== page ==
Since Dan Wilson, the Mariners have tried hordes of catchers with minimal success. Now comes Mike Zunino, drafted with the third overall pick — just like Jeff Clement in 2005.
Gather ’round, kiddies, and let us go back to the year two-ought-ought-five for a tale of the Mariners and catching.
But the crafty Mariners knew they were in trouble because Wilson had been a major league catcher for 14 years and was 36, which is, in catcher-years, older than the sun. So in June of ought-five they used their No. 1 draft choice, the third pick overall, on Jeff Clement, a can’t-miss catcher from the University of Southern California.
Clement played 75 major league games for the Mariners, hit .227, couldn’t catch or throw much and ended up in Pittsburgh.
Nobody lived happily ever after.
Ah, but wait — there’s a sequel, of course; mandatory for all dubious Hollywood ideas.
In development is a similar plot, moved ahead seven years. Halfway through the season, the Mariners have the worst record in the American League, have used three catchers, none of whom look like a long-term answer at the position. So in June, they used their No. 1 pick, again third overall, on Mike Zunino, a can’t-miss catcher from the University of Florida.
But since I don’t want to be a spoiler, I won’t tell you how the script turns out. Besides, it’s hard to see if you keep rolling your eyes at the mention of the first story.
But Jack Zduriencik, the guy who approved the draft of Zunino, is willing to share with you a dream sequence. Before Tuesday’s game against Baltimore featuring Seattle ace Felix Hernandez, the Mariners general manager, who helped introduce Zunino and his family to the local media, volunteered a reverie.
“Maybe in a short time, we ask (Zunino) to handle Felix, as well as other pitchers who have more experience than (Zunino) has,” he said. “We think he has all the skills it takes.”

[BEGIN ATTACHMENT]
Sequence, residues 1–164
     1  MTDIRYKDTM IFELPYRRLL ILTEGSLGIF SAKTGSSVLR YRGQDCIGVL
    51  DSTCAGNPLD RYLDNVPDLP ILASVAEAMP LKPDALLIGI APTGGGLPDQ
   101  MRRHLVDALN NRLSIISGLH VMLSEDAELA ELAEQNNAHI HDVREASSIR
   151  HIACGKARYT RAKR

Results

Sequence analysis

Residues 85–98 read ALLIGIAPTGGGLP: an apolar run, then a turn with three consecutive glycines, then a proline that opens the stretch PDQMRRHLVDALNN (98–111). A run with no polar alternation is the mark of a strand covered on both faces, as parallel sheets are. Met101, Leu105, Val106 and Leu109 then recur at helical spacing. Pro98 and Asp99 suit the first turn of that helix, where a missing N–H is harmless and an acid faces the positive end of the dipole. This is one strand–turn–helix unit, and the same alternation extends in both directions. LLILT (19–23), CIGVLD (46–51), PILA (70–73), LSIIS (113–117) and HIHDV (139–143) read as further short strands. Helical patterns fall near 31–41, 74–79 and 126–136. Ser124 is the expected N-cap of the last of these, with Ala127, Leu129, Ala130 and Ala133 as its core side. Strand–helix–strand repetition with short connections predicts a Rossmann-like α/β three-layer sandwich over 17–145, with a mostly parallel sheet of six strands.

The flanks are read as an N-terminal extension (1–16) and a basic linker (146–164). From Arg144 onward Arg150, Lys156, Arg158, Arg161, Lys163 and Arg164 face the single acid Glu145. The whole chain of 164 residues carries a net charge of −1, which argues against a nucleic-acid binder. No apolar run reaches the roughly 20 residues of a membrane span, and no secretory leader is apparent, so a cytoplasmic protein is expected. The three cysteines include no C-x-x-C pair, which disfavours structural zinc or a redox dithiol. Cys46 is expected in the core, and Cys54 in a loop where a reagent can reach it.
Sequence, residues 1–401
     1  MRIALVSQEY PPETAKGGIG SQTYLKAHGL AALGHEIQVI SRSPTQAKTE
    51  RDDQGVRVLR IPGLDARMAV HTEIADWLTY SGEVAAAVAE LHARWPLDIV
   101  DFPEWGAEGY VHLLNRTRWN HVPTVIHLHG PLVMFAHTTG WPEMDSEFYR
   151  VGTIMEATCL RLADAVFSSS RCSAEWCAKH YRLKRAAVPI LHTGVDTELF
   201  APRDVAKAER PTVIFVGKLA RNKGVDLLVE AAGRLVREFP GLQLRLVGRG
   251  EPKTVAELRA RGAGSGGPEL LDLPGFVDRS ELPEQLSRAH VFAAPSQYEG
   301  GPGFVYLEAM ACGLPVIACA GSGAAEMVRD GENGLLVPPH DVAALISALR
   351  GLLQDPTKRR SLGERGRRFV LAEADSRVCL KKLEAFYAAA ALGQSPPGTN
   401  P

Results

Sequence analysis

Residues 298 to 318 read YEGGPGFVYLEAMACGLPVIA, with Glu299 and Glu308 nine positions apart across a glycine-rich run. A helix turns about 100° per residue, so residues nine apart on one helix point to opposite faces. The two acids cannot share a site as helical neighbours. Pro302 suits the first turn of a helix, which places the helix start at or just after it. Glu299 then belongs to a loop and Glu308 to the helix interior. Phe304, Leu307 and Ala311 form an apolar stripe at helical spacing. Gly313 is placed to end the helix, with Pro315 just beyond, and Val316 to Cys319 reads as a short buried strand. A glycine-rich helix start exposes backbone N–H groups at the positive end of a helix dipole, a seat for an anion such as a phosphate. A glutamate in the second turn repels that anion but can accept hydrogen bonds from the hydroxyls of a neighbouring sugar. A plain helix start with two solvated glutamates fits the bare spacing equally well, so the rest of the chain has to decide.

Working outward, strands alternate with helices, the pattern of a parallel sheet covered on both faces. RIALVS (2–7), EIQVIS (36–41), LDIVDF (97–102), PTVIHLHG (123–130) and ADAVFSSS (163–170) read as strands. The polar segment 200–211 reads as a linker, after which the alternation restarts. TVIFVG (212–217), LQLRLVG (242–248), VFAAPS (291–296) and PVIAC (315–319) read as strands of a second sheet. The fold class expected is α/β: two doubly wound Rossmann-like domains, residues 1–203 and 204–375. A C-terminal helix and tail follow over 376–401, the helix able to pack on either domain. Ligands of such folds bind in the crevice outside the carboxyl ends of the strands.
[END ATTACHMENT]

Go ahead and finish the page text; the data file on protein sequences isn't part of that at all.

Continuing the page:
Again, Z-GM volunteered that idea about Z-C. No one asked him how soon it would be, because everyone who’s been around Zduriencik knows he doesn’t deal in forecasts, projections or timetables.
Boy, does he want a happy ending.
The Mariners have been bad enough long enough that the annual high draft choices that are their “rewards” for pathos need to start paying off, in the fashion that Tampa Bay has become a quality team after years of failure. That’s why there’s a lot of pressure on second baseman Dustin Ackley, who went second in the 2009 draft behind pitcher Stephen Strasburg, who’s an All-Star with the Washington Nationals, another woebegone outfit turned contender via the draft.
The Mariners spent their valuable 2012 choice on the hardest position to hit on in baseball.
“It’s not the case with this guy, but I’ve said before that you always have to take a (good) catcher half a round sooner because there are so few good ones,” he said. “If you think the catcher is worth a second round pick, you might take him late first.”
The Mariners took Zunino, Baseball America’s college player of the year, at the top of the first for three virtues repeated through the introductory press conference by multiple people: Toughness, smarts and leadership.
His athleticism also might make him top-tier. He started out in sports as a soccer player, which pleased his mother, Paola, a native of Italy who also happened to be a catcher on the national fast-pitch team. He started in baseball as a shortstop, but by his sophomore year in high school, Zunino moved behind the plate the urging of his father, Gene, a pro baseball scout who had a career in the minor leagues.
Mike became a fixture through his junior year this spring at the University of Florida, where he won the team’s triple crown: Batting average (.322), RBI (67) and home runs (19). He helped lead Florida to its third consecutive trip to the College World Series with a 47-20 record.
After receiving a couple of more awards for his college career, Zunino, who received a $4 million signing bonus, will join Class A Everett and get at least a six-week start on his pro career this summer.
Zunino has the pedigree, the resume and the athleticism. But he has come to the Bermuda Triangle of catching careers.
“Some teams draft catchers because of offense, some draft for defense,” Zduriecik said. “You hope you get a little of both, and we hope that’s what we have here with this kid.
“Its a demanding position that wears and tears on clubs and individuals. Everyone throughout the industry is trying to find catchers. There doesn’t seem to be as many.”
Actually there are a lot of catchers, and many, if not most, have played for the Mariners recently. Instead of the hordes, the trick is finding that five-year guy who will last until he gets to free agency. If Zunino is as special as the Mariners believe, Zduriencik’s dream of a Hernandez-Zunino battery will come true before you can say Yorvit Torrealba.
If he isn’t, be prepared to say, “Yorvit Torrealba, welcome home.”